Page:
The tradeoff between the "refocus" ability (or 3D ability) and resolution (and low light ability) is what insures that this technology will never be more than a novelty.

Ren Ng started a company to commercialize it, but to make it affordable, he lowered the megapixel count a bit and lowered the decimation a lot, to get a higher resolution output. The end result was a camera with a lot less of the "lightfield magic" that his earlier papers promised combined with a much lower resolution than a phone camera or even a $11 keychain camera.

There could be a day when photography no longer holds the meaning that it does today.

Of course. Photography doesn't hold the meaning today that it did 10 years ago. It won't hold the meaning 10 years from now that it holds today. That is obvious.

I feel this new type of camera is not far,

You are incorrect. Sorry.

exciting as it is, this could spell the end for many things we enjoy.

One day soon, photography will just be bring a little ball sensor out on a stick, record everything there is to record, and produce what you want in-front of a computer as post processing.

"Photography will just be" nothing of the sort. The vast majority of users don't want to post process. The "one day soon" workflow is that they compose with the device at hand (probably a phone) and share with their friends immediately (probably on facebook).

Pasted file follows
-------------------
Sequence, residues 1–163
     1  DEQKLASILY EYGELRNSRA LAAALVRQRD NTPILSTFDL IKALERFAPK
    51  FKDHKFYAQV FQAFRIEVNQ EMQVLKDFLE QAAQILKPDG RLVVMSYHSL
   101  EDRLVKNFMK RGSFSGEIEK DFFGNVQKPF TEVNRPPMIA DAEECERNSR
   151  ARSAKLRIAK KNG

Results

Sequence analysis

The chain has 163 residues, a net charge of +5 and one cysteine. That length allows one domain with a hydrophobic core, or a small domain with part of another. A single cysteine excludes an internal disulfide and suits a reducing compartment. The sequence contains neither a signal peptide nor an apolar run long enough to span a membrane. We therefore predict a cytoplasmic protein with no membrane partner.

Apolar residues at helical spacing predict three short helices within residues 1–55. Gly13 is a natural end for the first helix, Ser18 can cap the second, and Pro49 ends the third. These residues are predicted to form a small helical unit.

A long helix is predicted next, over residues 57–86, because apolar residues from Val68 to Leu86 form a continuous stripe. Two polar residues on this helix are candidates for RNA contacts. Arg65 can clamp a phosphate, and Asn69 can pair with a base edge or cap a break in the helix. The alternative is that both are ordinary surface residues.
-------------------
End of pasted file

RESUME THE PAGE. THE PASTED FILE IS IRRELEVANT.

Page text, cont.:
scared ? excited ? share your thoughts.

Already did.

-- hide signature --

Rahon Klavanian 1912-2008.
Armenian genocide survivor, amazing cook, scrabble master, and loving grandmother. You will be missed.
Ciao! Joseph
www.swissarmyfork.com

 Joseph S Wisniewski's gear list:Joseph S Wisniewski's gear list
Canon EOS 5D Mark II Nikon D90 Nikon D2X Nikon D3 Nikon D100 +43 more
Reply   Reply with quote   Complain
looper1234
Regular MemberPosts: 314
Like?
Re: No, just a passing fad...
In reply to Joseph S Wisniewski, Apr 9, 2013

just a passing fad...

so says the kodak executive who took a pass on digital photography

Reply   Reply with quote   Complain
Joseph S Wisniewski
Forum ProPosts: 33,996Gear list
Like?
The difference between "someone" and "everyone"
In reply to looper1234, Apr 9, 2013

looper1234 wrote: